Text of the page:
Alistair Riddle is a rower, not in the usual sense that we small boat cruisers know, but in the competitive sit on a toothpick with monster oars out on outriggers and blast down a laned course kind of rowing.
He’s mostly a coach these days, a keen member of his club and very knowlegeable about the sport.
Now here in NZ rowing is quite a big deal, many schools have active rowing programs, there are clubs on most stretches of usable water with age group and graded racing going on for most of the year.
Alistair lives by Lake Rotorua in the center of New Zealands north Island, it’s a fair sized puddle, and at times can be seriously rough water. Rough enough to preclude taking the usual rowing shells out, and he was wanting to promote a boat that would be a practical two person all weather trainer, one that was not dependent upon dead calm water, and which would be affordable.
Rather than set up a boatbuiding company with moulds for fiberglass it was thought that kitset builds in plywood would work, group or club builds in the way that parents in clubs or schools used to build their kids sailing trainers would work. As the boats were to be trainers rather than racers, and if racers would have their own class, so expensive high tech weight saving was not so important.
I drew the plans, much attention to the geometry of the seats, outriggers, oar gates, footrests and such ( much sweating on my part, got it very close to right, yay! Much relief, this is critical). Much attention to the distribution of the air tank bouyancy, and how the cockpit trench fitted. It is a requirement that the boat be able to be boarded from deep water if capsized so the big bouyant side tanks are a part of that.
In designing that part of the structure I had to endure the mirth of several women and their friends when I asked if I could measure the width of their behinds, well any excuse, but I did really need to know how wide the cockpit sides needed to be apart so a “mature” woman would fit.
Alistair had not built a boat before, so there were regular phone calls for a while, learning about fiberglass and epoxy, taped seam plywood construction, how kits are cut ( thanks David Milsom of Red Shed enterprises in Cambridge, great service) and all the intricacies of a whole new trade.
We’ve a little tuning to do, not much, she’s performing as expected and within a few days she’ll be out at some senior club members lakeside homes for a tryout among them.
Kits will be available, give it a little while for the assembly manual to be written up, and there is some thought being given to a single scull version.
The prototype is complete, she’s been out for her maiden voyage, and Alistairs emailed report is below.
__________“Afternoon John, well we got it wet - first impressions are that it’s quite lively and runs along very nicely with a good feeling of speed. And it looks good I think, and was fun to row.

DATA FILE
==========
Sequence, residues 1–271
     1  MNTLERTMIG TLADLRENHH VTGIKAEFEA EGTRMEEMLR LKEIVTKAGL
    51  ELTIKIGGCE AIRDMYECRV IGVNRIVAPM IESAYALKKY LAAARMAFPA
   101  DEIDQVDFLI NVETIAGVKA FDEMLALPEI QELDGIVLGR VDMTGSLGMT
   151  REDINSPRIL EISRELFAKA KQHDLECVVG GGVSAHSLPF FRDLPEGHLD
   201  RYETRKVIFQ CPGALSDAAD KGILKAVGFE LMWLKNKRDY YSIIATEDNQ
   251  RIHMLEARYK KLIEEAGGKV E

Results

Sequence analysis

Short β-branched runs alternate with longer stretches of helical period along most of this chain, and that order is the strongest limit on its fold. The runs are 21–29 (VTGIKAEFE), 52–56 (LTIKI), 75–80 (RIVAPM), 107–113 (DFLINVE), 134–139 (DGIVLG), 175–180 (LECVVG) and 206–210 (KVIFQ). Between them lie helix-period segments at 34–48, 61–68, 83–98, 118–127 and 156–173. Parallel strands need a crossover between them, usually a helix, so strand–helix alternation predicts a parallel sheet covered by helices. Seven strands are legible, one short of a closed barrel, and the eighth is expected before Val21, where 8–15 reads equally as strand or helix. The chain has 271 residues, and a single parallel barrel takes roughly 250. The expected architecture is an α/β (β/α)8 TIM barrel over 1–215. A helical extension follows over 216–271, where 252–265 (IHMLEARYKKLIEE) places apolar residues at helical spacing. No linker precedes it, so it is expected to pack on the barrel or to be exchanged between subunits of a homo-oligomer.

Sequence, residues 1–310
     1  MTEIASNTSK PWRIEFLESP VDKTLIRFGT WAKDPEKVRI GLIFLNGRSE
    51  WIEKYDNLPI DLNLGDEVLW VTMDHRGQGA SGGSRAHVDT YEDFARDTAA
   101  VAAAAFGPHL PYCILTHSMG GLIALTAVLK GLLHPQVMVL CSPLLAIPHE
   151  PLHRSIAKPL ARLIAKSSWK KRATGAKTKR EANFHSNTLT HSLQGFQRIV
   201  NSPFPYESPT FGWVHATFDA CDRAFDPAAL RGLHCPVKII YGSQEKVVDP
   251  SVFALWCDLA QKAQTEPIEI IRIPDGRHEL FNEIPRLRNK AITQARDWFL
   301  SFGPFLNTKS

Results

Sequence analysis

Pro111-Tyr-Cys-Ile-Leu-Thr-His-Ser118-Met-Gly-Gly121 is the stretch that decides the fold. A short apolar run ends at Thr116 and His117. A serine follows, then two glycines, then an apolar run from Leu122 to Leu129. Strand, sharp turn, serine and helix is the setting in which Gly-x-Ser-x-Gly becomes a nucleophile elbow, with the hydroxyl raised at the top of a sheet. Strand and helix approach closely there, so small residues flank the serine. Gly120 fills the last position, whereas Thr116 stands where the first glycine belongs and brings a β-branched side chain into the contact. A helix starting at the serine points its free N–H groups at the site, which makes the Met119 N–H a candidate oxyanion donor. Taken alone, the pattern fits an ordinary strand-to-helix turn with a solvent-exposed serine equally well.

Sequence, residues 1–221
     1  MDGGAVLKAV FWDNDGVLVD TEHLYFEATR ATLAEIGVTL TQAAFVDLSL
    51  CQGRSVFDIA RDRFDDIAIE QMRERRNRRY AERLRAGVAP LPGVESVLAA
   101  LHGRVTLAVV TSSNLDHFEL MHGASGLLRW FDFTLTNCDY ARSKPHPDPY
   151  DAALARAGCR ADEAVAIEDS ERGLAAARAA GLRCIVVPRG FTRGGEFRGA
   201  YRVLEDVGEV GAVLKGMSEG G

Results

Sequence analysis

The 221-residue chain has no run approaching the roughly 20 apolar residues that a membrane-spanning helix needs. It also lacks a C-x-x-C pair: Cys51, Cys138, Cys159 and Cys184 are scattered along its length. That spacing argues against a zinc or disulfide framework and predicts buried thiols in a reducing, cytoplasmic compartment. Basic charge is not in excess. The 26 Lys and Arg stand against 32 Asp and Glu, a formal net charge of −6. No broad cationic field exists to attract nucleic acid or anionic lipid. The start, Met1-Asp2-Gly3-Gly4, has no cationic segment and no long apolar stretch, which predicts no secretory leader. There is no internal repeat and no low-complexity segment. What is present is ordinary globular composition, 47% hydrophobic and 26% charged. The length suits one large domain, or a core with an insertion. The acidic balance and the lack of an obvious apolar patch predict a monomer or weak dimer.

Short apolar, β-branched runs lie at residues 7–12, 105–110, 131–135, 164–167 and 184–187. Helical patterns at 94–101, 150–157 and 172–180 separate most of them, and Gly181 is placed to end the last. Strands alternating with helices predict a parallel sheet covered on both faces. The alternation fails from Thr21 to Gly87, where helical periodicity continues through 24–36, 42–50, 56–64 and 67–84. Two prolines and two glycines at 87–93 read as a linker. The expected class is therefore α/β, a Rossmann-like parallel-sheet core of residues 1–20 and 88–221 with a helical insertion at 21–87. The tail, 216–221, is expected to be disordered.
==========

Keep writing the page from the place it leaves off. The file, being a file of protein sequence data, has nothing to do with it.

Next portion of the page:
I didn't have time to put the keel on and noticed it - it ran in a curve one way and then the other and not too much dead straight. You have a keel in the plan just 1.5m long I think or less running from zero to about 50mm height, 6mm ply - does that seem enough to you ? interesting..
Second thing, I didn't realize it at the time but my son is 105kg and I had him in bow seat instead of stern so you'll see in the photos with us at the finish of the stroke that its bow down more than I'd like. The next boat is slightly wider so it might be a little more forgiving of extra weight. David Milson will cut the second set of plywood in the next few days - I've been redoing the plans and cut sheets over the last 4 months.
Geometry is good. When building, the seat ended up 160 above heels and we put riggers 160 above that. When we put it in the water it floated where expected and we changed the gate height easily to suit each of us with the 'C' washers that clip above and below the gate. Its tippy, but not as sensitive as a racing boat, and we did a half hearted lean to one side and it seemed harder to push over the further we got. We'll tip and recover when its warmer. When we sit it in the water with no-one touching it it sits perfectly level.
The only downside is the weight - too heavy for me to lift onto the roof of the truck - I managed but I'll be on those little pink pills for a few days I think. So number two will have a faster rigger fastening system so we can derig before lifting. That will help. One of those kayak set of wheels that you strap on will help as well to wheel into the water. If you have a husband and wife team then you need a few tricks to get it onto a roof. Maybe you can get a roof rack with a roller on it? Anyway, here’s a few photos, and a second email has a few more.”
( I’m more used to that issue of lifting the boat up onto a car, and there is a way to do it that wont bust peoples boilers - JW).